Tennis is my favourite sport, but that aside, I do believe it to be good for RA sufferers. The swinging action is beneficial, the amount of running you do whilst playing doubles is limited, and the social benefits are immense. It is perfect for anyone with limited movement, and if you are like me and play regularly, you will get fitter and fitter.
I personally believe, had I not taken up tennis I would be in a wheelchair by now. Also, my life expectancy would have been reduced and my susceptibility to other illnesses would have increased. In essence, tennis saved my life. No wonder I love it so much!
Your joints are hot and swollen, and moving causes agonising pain. Exercising may even make you feel worse, and certainly will do if you over-extend those sore joints beyond a tolerable limit. Having said that, exercising IS ESSENTIAL to Rheumatoid Arthritis sufferers, and for me proved to be the turning point for achieving a healthy body. Basically, it saved my life. More on my own experiences in a subsequent blog.
Exercising is important for many reasons. First, from a physiological point of view, it helps rid the body of toxins. It is the function of the lymphatic system to rid the body of waste and maintain a healthy immune system. However, since there is no pump for lymph, as is the case of blood flow, it relies upon body movement. If there is none, it backs up like a clogged sewerage pipe. When this happens even the healthiest of us will feel lethargic. If you already have a pre-existing condition, you are likely to feel even worse.
So Exercise! It is a must!
Okay, so what are the other benefits? If we are bed-ridden due to some other illness, our muscles deteriorate. This happens surprisingly rapidly. Use it or lose it. It may be a cliché, but it is true, especially in the case of RA. If we don’t exercise, our muscles and ligaments waste and our bones thin. If a strong muscle can’t move a stiff knee, then how is a weak muscle expected to?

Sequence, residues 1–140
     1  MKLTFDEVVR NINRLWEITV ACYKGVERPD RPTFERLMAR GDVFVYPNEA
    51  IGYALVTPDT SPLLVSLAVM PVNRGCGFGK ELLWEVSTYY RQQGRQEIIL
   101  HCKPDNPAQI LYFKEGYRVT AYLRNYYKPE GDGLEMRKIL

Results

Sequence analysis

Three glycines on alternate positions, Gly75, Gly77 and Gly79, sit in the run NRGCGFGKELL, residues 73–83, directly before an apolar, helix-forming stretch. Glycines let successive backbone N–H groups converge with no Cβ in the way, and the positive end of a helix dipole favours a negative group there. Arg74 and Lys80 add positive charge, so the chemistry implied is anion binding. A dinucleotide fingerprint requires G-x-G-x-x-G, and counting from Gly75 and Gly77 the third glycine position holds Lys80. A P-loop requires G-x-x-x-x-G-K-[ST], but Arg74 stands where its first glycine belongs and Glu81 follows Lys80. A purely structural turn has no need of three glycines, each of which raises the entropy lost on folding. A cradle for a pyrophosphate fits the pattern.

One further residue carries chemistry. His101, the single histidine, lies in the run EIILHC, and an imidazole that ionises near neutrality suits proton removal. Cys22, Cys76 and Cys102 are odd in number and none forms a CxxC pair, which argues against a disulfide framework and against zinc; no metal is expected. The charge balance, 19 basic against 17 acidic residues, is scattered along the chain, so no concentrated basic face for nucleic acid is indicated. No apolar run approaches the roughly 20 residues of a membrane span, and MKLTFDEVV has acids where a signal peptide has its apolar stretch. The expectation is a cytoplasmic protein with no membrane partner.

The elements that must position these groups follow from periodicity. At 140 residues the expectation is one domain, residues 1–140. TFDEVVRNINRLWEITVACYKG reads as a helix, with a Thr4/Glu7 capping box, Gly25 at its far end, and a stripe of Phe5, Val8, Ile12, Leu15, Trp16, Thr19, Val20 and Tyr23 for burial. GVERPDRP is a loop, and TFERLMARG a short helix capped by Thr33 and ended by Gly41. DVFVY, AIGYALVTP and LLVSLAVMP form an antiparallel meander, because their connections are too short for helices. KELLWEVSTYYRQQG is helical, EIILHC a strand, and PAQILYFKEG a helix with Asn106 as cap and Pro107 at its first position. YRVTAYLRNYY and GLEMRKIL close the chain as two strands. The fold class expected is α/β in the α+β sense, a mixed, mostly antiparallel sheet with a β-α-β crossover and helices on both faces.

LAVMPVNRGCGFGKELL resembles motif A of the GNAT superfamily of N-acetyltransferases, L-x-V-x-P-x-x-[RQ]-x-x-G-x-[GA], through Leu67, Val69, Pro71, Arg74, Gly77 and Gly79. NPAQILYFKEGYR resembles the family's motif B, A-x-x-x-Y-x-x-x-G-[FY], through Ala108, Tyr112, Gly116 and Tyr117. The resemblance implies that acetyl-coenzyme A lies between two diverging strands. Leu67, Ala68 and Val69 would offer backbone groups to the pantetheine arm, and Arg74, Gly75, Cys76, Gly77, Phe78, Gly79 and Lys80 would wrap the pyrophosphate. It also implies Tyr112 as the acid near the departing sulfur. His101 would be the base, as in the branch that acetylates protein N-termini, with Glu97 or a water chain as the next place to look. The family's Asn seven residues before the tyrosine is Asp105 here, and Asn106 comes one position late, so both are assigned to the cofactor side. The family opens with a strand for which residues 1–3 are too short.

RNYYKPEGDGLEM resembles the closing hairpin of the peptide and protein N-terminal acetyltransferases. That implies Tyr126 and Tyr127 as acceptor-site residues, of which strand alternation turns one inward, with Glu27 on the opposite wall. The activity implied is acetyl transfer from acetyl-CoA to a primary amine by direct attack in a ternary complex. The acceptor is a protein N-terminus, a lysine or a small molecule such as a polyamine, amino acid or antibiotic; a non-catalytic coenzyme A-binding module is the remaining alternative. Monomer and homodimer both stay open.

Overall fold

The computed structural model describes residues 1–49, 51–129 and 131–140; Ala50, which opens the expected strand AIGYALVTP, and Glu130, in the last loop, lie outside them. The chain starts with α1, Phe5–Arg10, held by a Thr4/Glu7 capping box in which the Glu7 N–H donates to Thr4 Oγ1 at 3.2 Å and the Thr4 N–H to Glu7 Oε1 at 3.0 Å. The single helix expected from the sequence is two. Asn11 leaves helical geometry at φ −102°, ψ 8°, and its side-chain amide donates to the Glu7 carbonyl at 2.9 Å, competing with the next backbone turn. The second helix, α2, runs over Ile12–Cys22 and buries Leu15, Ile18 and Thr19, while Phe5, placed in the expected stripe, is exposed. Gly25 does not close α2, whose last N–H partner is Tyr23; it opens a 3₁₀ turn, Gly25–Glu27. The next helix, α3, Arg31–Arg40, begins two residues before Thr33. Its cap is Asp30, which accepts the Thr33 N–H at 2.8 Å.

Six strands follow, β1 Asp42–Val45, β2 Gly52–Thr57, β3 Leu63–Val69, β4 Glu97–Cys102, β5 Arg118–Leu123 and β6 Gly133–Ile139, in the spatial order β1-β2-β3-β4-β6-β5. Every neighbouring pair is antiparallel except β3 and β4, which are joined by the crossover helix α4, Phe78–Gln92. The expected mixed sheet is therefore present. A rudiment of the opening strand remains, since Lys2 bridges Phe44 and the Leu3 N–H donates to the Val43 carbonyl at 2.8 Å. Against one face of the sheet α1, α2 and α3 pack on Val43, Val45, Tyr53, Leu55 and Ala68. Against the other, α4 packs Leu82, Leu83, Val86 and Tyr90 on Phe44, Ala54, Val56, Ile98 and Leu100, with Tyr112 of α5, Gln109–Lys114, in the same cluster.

If you are worse in the morning, as are many RA sufferers, surely it makes sense to get those joints moving sooner. Get out of bed and move, move, move! It is worth the effort. Do you not feel so much better when everything has started working again? Of course you do, so make the effort!
Next time, I shall write about my own exercising experiences and how I progressed from being unable to walk more than ten metres without agonising pain, to running around a tennis court.
It did happen! It can for you too!
Do you enjoy women’s fiction but also like a strong plot? Do you enjoy reading books by Jodi Picoult, Sophie Hannah, Diane Chamberlain, Elizabeth Haynes and Ruth Dugdall? If so, then my books are for you.
The characters in my books are strong and identifiable, with their thoughts and emotions depicted throughout the book. However, this is not overwhelming for the reader as it is a plot that drives the story. From the start, the reader will know of the protagonists aim, and they will be carried along at a pace. I also include subplots for the other characters, both to make the characters realistic and to give them reason for being in the story.
If you enjoy a mystery/thriller combined with emotional content, you will enjoy them. The books have a good reading rhythm, with individual chapters each having a definite start and end. The books are well-paced, with few dips, and they will keep you engrossed. The endings will not disappoint.
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A heart wrenching mystery recounting the married life of Catherine, an isolated woman from the early 20th century, burdened by an indifferent husband, child deaths, accusations, disbelieving family, only supported by her modern thinking sister. With no one to provide enough moral support she makes a fatal exit.
100 years later Michaela inherits the house Catherine lived in, but not everything runs smoothly and the trail leads back to Catherine. She is driven to prove Catherine’s innocence, but it is an undesirable choice. Striven, she treads a distressing path.
REVIEW BY A. Davey
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A big pile of work is next to me, which I should have finished ages ago, but didn’t. The reason? I got engrossed in ‘Shackled’. I got hooked right from the start and just HAD to finish reading it. And, although I somehow imagined how it would end, I was still surprised about how it really ended. What a brilliant book, thoroughly enjoyed it!
Now back to work …